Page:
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The exhaustion of rights regime and the recent update from the Government

March 2022

The current position

Since 1973 when the UK joined the then European Common Market, the UK has followed an exhaustion of IP rights regime which has enabled the secondary sale and movement of goods within the European Economic Area (‘EEA’). Obviously until the end of December 2020 the UK was part of the EEA.

This meant that once goods were placed on the market in one country within the EEA, any IP rights in the goods were exhausted. As such, the goods could be traded in another EEA country, subject to a small number of qualifications, without legal enforcement by anyone who owned IP rights in the goods. Post-Brexit, the UK is no longer a member of the EEA and has the opportunity to update its exhaustion regime. Will the opportunity now be taken to change the system and will the EU reciprocate? Do retailers have certainty for the future and how could exhaustion affect onward sales and supply chains?

Since Brexit, the UK has been engaging unilaterally in the UK+EEA exhaustion regime. This means that when goods are first placed on the EEA or UK markets, the IP rights are exhausted in the UK. Accordingly, IP right holders would not be able to legally enforce their rights in the UK. As such, secondary sale and movement of the goods in the UK would be unrestricted. However the regime was ‘lop sided’ as the EU did not reciprocate and thus when goods are first placed on the UK market, the IP rights are not exhausted in the EEA.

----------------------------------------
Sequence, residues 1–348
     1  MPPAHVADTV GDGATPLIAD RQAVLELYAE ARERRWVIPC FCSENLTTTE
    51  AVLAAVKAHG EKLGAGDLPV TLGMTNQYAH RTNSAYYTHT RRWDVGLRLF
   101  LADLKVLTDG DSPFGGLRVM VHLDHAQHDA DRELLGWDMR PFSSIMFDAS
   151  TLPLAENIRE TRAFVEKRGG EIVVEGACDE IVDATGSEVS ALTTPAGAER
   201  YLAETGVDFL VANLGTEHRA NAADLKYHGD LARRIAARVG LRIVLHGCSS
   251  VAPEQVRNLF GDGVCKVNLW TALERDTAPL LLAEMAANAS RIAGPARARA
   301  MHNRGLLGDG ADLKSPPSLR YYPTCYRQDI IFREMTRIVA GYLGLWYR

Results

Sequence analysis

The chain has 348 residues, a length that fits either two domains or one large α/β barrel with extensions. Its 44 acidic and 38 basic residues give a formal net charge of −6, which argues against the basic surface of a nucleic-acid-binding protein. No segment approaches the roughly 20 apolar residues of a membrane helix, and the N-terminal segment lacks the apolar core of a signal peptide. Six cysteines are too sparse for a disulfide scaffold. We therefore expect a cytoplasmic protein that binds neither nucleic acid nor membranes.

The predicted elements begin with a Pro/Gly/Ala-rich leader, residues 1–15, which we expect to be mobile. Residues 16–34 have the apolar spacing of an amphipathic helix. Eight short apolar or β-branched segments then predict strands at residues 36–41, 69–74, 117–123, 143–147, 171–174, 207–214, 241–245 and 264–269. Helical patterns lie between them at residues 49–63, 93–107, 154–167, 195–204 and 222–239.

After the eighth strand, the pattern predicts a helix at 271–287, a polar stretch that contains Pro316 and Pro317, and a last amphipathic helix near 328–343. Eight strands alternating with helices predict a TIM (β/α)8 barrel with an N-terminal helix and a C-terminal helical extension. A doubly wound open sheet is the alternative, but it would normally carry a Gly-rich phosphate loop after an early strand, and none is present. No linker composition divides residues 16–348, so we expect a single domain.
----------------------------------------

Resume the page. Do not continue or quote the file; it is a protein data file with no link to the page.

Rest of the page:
What was the consultation?

The Government launched a consultation in June 2021, which allowed them to build a bank of knowledge, based on which they planned to make a permanent decision about a future UK exhaustion regime. The consultation contained 17 questions, which were answered by 150 businesses, organisations, trade associations and private individuals. The pharmaceutical industry and the creative industries engaged most heavily with the consultation.

Respondents chose the regime that they believed to be the best option for the UK and indeed their businesses or interests. The first option was to remain with the current regime. The second option was an international exhaustion regime, which would ensure that rights were exhausted when they were placed on the market anywhere globally. The third option was a national exhaustion regime, which stipulates that when a product is placed on the UK market, IP rights would be exhausted in the UK. The fourth option was a mixed exhaustion regime.

The respondents voted in the following manner:

  • The majority of the respondents chose the current regime
  • Over a third of the respondents chose a national exhaustion regime
  • A minority of the respondents chose a mixed exhaustion regime
  • A small number favoured an International exhaustion regime
The outcome

After reviewing all the responses, the government decided in January 2022 that they would continue exploring the UK’s options for a future exhaustion regime and that at present it did not have sufficient information to evaluate clearly whether the present regime should be changed. In the meantime, the current regime would remain, thus there is at least this certainty for now. We suspect that the consultation did not result in the number of responses really required to evaluate the position carefully and indeed, political considerations do also play a part and where the Government chooses to focus.